After escaping from jail, inmates Bac Duong, Hossein Nayeri, and Jonathan Tieu called for a taxi. The unsuspecting taxi driver happened to be Ma, who drove them, at their request, to a local Walmart and Target shopping center. All seemed normal until the men walked out of Target with a gun, threatened Ma, and forced him to drive to a hotel where he was held hostage. Tieu and Nayeri, according to Ma, would often argue about wanting to kill Ma, but Duong was against it. Even so, Ma feared for his safety, as all 3 men were violent felons.

Ma reported that Duong was often cordial to him, despite the fact his partners wanted to kill him. Eventually, while Nayeri and Tieu were out with a stolen van, Ma claims he was able to persuade Duong to flee. Ma convinced Duong that the other 2 men would eventually kill him and that Duong would be an accessory to that crime even if he didn’t take part. Presuming Duong didn’t want to be an accessory, the pair decided to flee and took off on roughly a 400-mile drive south. It was during that drive that Ma says he persuaded Duong to surrender himself to the police. Wanted Poster

Duong was arrested and Ma proceeded to give the Sheriff’s department more information about the events that took place during his kidnapping, which included information identifying Tieu and Nayeri’s known location and information regarding the stolen van that was in their possession. This information was then broadcast on local airways. A homeless man saw the broadcast and realized he had just spotted the missing men and flagged down a police officer. As a result, Tieu and Nayeri were ultimately caught.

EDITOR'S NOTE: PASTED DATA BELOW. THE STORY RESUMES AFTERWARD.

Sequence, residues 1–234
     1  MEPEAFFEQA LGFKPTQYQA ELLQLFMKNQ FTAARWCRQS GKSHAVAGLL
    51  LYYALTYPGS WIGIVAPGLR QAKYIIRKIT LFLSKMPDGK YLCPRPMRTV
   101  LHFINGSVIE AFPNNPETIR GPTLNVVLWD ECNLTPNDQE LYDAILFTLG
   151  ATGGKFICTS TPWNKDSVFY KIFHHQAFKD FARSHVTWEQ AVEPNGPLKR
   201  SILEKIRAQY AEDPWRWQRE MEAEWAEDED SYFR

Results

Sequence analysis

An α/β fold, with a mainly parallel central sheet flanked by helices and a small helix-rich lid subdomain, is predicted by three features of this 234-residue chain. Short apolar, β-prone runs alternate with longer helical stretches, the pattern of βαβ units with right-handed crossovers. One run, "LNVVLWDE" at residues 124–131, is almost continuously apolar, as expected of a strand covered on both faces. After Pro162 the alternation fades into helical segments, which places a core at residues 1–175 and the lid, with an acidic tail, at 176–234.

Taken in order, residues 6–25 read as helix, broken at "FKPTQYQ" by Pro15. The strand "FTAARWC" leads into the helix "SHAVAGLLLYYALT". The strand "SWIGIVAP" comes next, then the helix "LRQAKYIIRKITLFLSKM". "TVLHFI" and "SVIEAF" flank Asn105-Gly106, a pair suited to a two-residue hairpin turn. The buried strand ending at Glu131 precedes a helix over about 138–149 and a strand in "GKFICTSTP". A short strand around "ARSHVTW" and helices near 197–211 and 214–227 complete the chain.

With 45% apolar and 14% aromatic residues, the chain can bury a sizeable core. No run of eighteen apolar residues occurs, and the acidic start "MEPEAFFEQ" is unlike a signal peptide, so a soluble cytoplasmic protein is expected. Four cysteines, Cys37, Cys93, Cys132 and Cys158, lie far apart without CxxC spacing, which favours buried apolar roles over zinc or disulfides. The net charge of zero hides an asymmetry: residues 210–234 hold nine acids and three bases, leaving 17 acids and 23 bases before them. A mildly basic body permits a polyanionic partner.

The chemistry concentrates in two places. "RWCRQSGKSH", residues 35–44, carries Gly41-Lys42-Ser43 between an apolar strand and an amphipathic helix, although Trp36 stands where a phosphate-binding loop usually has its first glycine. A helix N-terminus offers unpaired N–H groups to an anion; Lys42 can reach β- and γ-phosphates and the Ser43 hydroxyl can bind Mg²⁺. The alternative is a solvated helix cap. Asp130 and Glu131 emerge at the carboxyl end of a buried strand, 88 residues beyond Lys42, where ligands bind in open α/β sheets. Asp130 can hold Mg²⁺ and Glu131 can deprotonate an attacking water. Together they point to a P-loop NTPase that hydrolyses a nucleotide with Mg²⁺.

The homeless man got $10,000 for reporting that he had spotted the men to a police officer, the owner of the stolen van received $20,000 for making a vehicle theft report, and 2 Target employees received $15,000 for recognizing that the men had purchased cell phones at their store. Ma received nothing even though he provided information leading to the capture of the escapees.

Who Qualifies For Reward Money?

In terms of contract law, a contract exists when there is offer, acceptance, and consideration. A reward offer is an offer for a unilateral contract, which is accepted by performance and that performance would be providing information leading to an arrest.